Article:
Change orders can significantly disrupt project schedules due to additional work or modifications in project plans. The Project Manager and Construction Manager are crucial in managing these impacts by coordinating resources, managing risks, and maintaining clear communication among all parties.


While the rise in change orders in firm fixed-price contracts, particularly in government projects, might seem daunting, it is not an insurmountable challenge. With diligent planning, clear articulation of the project SOW and design documents, and efficient change management spearheaded by key personnel and the IPT, the effects of change orders can be significantly reduced.

This approach ensures not only smoother project execution but also healthier relationships among stakeholders, improved risk management, and an increased level of trust between government agencies and contractors. In the long run, these factors can contribute to the development of a more resilient, adaptable, and sustainable construction industry that is well-equipped to handle the dynamism and unpredictability inherent in its nature. It’s not just about adapting to what might seem like a ‘new normal’; it’s about creating a better normal for the future of construction project management.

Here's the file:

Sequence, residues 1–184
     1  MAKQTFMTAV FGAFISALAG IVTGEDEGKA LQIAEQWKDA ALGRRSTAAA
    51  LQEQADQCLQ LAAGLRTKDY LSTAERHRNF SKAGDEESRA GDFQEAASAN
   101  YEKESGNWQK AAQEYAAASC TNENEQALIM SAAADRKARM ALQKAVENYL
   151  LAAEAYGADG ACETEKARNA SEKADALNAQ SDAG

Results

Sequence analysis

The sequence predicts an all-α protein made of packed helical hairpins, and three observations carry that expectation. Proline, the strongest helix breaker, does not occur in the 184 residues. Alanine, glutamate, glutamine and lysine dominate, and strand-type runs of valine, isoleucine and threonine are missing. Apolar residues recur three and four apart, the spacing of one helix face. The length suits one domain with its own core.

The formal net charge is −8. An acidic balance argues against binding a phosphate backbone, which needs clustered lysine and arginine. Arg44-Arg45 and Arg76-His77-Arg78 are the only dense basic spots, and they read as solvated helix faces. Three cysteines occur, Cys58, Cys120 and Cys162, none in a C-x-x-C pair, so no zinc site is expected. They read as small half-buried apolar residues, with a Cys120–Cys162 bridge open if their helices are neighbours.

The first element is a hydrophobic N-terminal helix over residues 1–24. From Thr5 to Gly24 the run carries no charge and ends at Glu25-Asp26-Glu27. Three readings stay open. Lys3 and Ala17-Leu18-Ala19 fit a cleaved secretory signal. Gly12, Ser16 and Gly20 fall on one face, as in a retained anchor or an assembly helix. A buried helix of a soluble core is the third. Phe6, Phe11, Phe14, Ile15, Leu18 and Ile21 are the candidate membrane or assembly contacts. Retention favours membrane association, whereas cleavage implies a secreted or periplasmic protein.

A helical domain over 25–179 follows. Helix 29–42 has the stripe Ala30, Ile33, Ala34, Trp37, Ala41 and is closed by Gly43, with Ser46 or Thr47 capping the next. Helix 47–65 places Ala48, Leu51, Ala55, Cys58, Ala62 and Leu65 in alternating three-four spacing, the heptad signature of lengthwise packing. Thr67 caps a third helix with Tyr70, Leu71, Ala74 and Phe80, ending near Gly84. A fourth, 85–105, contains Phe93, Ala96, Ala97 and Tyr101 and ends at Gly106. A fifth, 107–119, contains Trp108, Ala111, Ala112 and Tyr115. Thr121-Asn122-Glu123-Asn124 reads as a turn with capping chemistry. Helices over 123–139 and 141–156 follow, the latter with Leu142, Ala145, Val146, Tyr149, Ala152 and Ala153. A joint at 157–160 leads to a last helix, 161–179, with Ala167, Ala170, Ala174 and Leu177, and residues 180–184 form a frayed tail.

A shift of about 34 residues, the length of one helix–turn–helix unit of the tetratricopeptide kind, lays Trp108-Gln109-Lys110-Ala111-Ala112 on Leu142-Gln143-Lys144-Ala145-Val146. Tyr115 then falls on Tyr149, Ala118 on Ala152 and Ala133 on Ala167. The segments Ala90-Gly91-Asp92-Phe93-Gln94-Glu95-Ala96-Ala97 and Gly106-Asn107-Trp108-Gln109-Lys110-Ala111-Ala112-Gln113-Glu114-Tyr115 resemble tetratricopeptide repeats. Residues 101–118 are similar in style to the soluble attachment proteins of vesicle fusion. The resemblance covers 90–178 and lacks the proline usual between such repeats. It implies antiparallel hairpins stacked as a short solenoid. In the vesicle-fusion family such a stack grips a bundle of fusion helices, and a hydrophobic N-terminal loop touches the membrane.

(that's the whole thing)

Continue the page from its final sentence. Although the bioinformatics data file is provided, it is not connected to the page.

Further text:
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Acumen Technical Project Services, LLC is your trusted partner in delivering excellence in project and construction management. Our proven strategies, innovative solutions, and unwavering commitment to quality set us apart in the industry. From project conception to completion, we navigate the complexities of every project with precision, ensuring client satisfaction every step of the way.